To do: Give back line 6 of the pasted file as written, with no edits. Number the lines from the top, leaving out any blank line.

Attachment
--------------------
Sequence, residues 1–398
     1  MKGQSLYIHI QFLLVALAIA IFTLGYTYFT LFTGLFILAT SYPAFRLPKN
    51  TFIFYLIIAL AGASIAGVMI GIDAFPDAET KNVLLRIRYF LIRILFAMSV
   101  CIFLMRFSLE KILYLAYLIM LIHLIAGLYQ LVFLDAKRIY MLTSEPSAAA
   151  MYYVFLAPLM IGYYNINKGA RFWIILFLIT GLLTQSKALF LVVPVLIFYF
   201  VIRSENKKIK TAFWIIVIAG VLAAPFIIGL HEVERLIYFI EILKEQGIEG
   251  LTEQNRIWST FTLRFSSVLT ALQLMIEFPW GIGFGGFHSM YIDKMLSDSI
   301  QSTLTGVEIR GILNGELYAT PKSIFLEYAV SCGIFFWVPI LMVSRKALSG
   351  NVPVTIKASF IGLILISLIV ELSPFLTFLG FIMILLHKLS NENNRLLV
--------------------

   201  VIRSENKKIK TAFWIIVIAG VLAAPFIIGL HEVERLIYFI EILKEQGIEG